Erarta galleries St.Petersburg is delighted to present Virus by Andrey Gorbunov
If we had to, could we disentangle ourselves from the technology we have come to depend on? In a time where DNA will soon be used to store vast quantities of digital information, Andrey Gorbunov’s new series of paintings question the relationship that links art and science and our lives with technology, asking if it is possible to assume that we are dealing with two opposing factors. On the one hand, the positive and confirmed structure of scientific knowledge and the ordered binary coding of the internet, and, on the other, the intuitive nature of art produced by the irrationality of biological man whose genetic coding could become the digital future.
Where science is to be considered the product of pure rationalism, the result of procedures amply veried, the search for unequivocal truths, certain and impossible to confute, Gorbunov asks if this rationalism translates to the virtual world of the Internet? Are our veriable virtual constructs of self more real than our physical bodily being, and should the Internet be evaluated as a product of mathematics and science or as an organism growing and evolving under its own initiative?
Observing the monumental canvases of Gorbunov we can immediately and easily understand his vision of contemporary life and culture. The virtual world has become an integral part of each of us, similar to a new dimension influencing our social and biological rhythms. It is impossible to imagine the world without computer technologies today; everyday we immerse ourselves more and more deeply as network chats supersede actual human interaction and our Facebook and Twitter profiles grow. Not only have our moods, but also our lives, started to depend on the number of comments and “likes” our virtual egos successfully amass. Thus, contemporary culture is not a culture divided between ‘ars’ and ‘scientia’, or life and technology, but rather it is conflated into a ‘technoculture’ — a hybrid where diversity and quantity prevails over genuine identity. Gorbunov adopts a focused vision of the relationship between art and science, life and virtual life: No longer are we dealing with opposites in a dialectical vision, a view which appears more than ever superseded, but with complementary, interacting and intersecting aspects of a futuristic civilisation.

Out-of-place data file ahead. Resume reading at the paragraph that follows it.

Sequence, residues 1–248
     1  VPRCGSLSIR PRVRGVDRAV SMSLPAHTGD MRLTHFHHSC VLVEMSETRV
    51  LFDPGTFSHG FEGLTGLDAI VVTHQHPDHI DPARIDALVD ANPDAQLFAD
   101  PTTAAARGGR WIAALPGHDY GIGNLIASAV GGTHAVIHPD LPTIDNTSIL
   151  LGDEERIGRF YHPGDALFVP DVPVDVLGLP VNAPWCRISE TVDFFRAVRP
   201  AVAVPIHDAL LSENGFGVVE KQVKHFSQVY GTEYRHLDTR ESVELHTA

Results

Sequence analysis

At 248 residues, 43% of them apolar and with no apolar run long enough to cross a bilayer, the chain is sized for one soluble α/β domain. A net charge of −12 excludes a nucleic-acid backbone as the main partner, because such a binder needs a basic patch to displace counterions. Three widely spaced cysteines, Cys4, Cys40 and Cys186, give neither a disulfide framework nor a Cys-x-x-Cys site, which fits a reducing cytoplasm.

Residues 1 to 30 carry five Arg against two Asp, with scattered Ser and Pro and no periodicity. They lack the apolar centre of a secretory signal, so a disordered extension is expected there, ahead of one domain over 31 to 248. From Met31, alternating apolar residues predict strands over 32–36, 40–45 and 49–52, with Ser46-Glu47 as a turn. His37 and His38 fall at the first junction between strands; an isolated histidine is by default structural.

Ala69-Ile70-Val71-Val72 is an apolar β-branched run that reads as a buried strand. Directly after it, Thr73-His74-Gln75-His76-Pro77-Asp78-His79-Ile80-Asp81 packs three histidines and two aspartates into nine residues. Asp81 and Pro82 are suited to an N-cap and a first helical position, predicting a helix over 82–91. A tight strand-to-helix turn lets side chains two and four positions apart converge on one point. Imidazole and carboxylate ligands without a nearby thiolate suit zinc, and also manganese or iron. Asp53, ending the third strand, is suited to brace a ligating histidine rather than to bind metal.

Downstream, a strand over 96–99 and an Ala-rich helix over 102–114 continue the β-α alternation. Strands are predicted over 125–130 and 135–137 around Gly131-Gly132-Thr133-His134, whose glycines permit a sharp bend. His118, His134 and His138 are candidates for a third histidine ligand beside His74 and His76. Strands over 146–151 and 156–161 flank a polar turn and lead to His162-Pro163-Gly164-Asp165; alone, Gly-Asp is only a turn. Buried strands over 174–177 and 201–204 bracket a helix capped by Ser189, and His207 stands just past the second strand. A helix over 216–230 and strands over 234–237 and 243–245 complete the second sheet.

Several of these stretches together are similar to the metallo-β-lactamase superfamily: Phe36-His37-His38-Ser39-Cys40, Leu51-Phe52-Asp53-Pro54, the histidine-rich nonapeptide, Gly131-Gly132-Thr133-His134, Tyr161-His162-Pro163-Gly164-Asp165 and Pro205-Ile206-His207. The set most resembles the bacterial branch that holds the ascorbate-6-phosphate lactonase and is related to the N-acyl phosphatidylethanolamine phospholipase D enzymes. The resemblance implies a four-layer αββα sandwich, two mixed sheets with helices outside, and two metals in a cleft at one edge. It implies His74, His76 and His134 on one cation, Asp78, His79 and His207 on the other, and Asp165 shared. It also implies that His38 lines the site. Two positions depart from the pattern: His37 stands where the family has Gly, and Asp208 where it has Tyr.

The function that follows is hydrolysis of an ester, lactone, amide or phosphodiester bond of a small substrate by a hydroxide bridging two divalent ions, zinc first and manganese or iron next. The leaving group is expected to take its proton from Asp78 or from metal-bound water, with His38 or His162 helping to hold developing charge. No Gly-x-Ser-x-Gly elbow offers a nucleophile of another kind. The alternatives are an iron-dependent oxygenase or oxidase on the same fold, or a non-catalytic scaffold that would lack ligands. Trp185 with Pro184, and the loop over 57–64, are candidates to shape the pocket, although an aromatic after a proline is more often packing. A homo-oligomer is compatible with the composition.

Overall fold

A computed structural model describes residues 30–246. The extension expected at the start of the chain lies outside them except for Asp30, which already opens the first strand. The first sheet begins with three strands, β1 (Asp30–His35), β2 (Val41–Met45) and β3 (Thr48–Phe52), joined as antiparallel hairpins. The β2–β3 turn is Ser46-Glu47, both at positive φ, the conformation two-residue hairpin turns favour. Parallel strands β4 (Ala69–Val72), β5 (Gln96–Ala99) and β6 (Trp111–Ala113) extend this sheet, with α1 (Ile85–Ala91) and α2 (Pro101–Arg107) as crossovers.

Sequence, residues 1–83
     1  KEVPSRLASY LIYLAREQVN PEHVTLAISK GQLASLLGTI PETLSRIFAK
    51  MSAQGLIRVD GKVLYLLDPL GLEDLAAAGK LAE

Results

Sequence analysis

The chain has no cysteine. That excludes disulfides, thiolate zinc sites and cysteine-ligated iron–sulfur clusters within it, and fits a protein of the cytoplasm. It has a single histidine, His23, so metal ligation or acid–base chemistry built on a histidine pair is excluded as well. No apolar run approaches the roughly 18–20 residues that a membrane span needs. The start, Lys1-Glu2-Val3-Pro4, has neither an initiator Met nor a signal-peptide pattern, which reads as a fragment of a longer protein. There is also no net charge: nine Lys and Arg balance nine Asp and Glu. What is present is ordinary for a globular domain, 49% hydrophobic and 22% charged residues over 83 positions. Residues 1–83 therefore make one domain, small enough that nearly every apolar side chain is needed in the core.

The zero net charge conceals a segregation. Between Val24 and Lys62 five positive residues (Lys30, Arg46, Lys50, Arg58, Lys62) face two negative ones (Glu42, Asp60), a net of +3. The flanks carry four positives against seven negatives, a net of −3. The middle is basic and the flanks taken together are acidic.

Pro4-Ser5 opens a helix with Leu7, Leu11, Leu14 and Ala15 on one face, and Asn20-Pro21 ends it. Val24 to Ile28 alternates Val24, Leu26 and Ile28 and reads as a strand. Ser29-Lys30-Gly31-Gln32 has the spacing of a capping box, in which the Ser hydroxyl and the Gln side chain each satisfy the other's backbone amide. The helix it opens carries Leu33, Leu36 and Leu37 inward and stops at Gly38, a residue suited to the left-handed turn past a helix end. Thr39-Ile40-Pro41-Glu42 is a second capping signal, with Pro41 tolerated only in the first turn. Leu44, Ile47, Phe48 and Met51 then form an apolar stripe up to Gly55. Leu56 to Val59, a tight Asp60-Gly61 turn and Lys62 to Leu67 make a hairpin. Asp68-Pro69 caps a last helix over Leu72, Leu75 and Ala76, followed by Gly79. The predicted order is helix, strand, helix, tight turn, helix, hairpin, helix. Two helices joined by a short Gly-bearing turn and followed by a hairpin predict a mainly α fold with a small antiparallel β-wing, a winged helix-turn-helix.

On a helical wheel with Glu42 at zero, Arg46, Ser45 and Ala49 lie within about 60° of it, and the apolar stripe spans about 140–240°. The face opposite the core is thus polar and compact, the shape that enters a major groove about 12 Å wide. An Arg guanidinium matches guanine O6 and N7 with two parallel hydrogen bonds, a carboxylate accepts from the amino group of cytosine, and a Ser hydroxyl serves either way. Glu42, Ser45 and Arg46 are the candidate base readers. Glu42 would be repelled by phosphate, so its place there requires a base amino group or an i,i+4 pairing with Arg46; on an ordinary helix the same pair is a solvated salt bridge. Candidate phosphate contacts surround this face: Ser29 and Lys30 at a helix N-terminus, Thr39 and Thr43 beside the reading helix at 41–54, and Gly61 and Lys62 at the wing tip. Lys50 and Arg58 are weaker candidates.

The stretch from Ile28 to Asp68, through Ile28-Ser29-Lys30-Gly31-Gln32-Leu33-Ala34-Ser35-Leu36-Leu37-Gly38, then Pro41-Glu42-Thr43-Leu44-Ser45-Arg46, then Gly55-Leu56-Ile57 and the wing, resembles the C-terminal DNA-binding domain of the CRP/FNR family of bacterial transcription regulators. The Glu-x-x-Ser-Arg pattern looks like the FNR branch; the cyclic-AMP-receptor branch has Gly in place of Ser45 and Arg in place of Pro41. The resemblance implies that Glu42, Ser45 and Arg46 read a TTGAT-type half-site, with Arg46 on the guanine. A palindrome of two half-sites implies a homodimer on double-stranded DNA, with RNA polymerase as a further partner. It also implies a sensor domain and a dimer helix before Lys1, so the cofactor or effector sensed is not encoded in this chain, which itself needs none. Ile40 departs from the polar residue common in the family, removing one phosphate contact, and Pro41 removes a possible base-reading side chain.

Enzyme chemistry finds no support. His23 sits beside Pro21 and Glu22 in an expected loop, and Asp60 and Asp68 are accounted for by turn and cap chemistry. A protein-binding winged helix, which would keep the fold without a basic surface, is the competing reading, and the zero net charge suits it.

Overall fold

The Virus paintings draw a parallel between biological and computer viruses, and Gorbunov highlights the similarities between man and the internet, both living entities that grow and change daily, and both vulnerable to infections. Scanning the QR codes in the paintings will reveal information about notorious computer viruses, but all computer specific terms have been removed — the affect of these viruses is human. Ironically, QR codes may become the malicious points of infection for future viruses, as reading the codes puts the privacy of the user at risk by “attagging” the identity of user. Though science has recognised the truths of nature, it had abstained from modifying them for instrumental aims, but in contemporary technoculture, in genetic engineering and biotechnologies, the object of scientific research is no longer sacred and untouchable, the essence of truth, but an object that can be manipulated and transformed, by means of experimentation by those studying it. Similarly, in the macrocosm of the Internet, and our engagement with it and use of it, Gorbunov questions the balance of power — who is using whom and to what end?